US20100112881A1 - Composite material and method for manufacturing composite material - Google Patents

Composite material and method for manufacturing composite material Download PDF

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Publication number
US20100112881A1
US20100112881A1 US12290734 US29073408A US2010112881A1 US 20100112881 A1 US20100112881 A1 US 20100112881A1 US 12290734 US12290734 US 12290734 US 29073408 A US29073408 A US 29073408A US 2010112881 A1 US2010112881 A1 US 2010112881A1
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Prior art keywords
side
core layer
adhesive
fibers
composite material
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Abandoned
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US12290734
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Pradip Bahukudumbi
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Milliken and Co
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Milliken and Co
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    • DTEXTILES; PAPER
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    • B32B5/02Layered products characterised by the non- homogeneity or physical structure, i.e. comprising a fibrous, filamentary, particulate or foam layer; Layered products characterised by having a layer differing constitutionally or physically in different parts characterised by structural features of a fibrous or filamentary layer
    • B32B5/024Woven fabric
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    • B32B7/12Layered products characterised by the relation between layers, i.e. products comprising layers having different physical properties and products characterised by the interconnection of layers characterised by the connection of layers using an adhesive, i.e. any interposed material having adhesive or bonding properties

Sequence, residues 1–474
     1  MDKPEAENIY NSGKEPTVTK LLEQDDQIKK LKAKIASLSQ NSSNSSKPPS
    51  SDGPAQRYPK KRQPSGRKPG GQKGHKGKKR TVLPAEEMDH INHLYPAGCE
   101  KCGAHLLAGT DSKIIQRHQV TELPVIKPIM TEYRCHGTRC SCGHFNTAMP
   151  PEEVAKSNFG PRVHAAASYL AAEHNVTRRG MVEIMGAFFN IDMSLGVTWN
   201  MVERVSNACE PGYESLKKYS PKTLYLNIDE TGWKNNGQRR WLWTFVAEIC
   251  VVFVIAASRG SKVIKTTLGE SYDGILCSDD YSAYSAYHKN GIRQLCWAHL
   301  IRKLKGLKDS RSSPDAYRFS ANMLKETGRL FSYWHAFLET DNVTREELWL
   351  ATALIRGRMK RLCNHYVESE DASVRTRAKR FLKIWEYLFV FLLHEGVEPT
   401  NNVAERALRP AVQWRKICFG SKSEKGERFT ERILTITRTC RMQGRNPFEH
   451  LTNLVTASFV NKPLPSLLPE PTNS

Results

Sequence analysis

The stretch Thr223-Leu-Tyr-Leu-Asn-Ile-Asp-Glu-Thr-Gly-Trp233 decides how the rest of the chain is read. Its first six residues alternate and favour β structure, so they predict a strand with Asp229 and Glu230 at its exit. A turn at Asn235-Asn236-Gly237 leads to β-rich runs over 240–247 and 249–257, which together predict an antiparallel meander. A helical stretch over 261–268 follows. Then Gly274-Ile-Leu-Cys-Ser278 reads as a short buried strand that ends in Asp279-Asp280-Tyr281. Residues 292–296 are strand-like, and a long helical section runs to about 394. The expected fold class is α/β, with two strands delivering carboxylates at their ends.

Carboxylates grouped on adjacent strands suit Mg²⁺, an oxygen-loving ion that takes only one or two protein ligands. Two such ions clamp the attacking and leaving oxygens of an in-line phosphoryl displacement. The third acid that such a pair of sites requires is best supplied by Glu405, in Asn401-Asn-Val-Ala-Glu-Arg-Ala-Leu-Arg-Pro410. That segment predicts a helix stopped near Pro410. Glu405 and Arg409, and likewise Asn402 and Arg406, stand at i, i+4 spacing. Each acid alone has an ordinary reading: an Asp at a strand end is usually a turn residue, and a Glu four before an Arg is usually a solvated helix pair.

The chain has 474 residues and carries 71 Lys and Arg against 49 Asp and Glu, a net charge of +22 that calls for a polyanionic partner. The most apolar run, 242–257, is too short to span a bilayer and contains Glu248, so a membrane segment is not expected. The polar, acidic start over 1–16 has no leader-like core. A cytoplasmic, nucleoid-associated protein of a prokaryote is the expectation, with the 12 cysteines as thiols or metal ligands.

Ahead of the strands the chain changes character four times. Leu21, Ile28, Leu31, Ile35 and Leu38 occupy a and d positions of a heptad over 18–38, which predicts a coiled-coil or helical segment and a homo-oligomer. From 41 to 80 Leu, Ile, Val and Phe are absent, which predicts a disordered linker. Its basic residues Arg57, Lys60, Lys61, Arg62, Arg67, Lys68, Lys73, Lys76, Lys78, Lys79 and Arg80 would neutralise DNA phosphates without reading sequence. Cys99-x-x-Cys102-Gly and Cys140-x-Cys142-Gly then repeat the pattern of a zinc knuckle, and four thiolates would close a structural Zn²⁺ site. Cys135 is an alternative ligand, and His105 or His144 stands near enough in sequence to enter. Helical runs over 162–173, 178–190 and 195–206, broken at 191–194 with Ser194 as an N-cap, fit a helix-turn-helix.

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    • B60VEHICLES IN GENERAL
    • B60RVEHICLES, VEHICLE FITTINGS, OR VEHICLE PARTS, NOT OTHERWISE PROVIDED FOR
    • B60R13/00Elements for body-finishing, identifying, or decorating; Arrangements or adaptations for advertising purposes
    • B60R13/02Internal Trim mouldings ; Internal Ledges; Wall liners for passenger compartments; Roof liners
    • YGENERAL TAGGING OF NEW TECHNOLOGICAL DEVELOPMENTS; GENERAL TAGGING OF CROSS-SECTIONAL TECHNOLOGIES SPANNING OVER SEVERAL SECTIONS OF THE IPC; TECHNICAL SUBJECTS COVERED BY FORMER USPC CROSS-REFERENCE ART COLLECTIONS [XRACs] AND DIGESTS
    • Y10TECHNICAL SUBJECTS COVERED BY FORMER USPC
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    • Y10T428/00Stock material or miscellaneous articles
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    • YGENERAL TAGGING OF NEW TECHNOLOGICAL DEVELOPMENTS; GENERAL TAGGING OF CROSS-SECTIONAL TECHNOLOGIES SPANNING OVER SEVERAL SECTIONS OF THE IPC; TECHNICAL SUBJECTS COVERED BY FORMER USPC CROSS-REFERENCE ART COLLECTIONS [XRACs] AND DIGESTS
    • Y10TECHNICAL SUBJECTS COVERED BY FORMER USPC
    • Y10TTECHNICAL SUBJECTS COVERED BY FORMER US CLASSIFICATION
    • Y10T442/00Fabric [woven, knitted, or nonwoven textile or cloth, etc.]
    • Y10T442/10Scrim [e.g., open net or mesh, gauze, loose or open weave or knit, etc.]

Abstract

In one embodiment of the invention, an improved composite component is provided. A more efficient and improved manner of adhesive application for the manufacture of fibrous composite molded components is achieved. This results in improved finished molded parts having therein a sintered powdered adhesive layer. The manner of applying non-contact heat to the adhesive while in place on the core layer sinters the powder adhesive, enabling the sintered powdered adhesive to stay on the surface, without undesirable migration to the interior of a porous fibrous composite structure. The stability of the adhesive on the surface of the composite after heating at elevated temperatures is one feature of the invention.

Description

    BACKGROUND OF THE INVENTION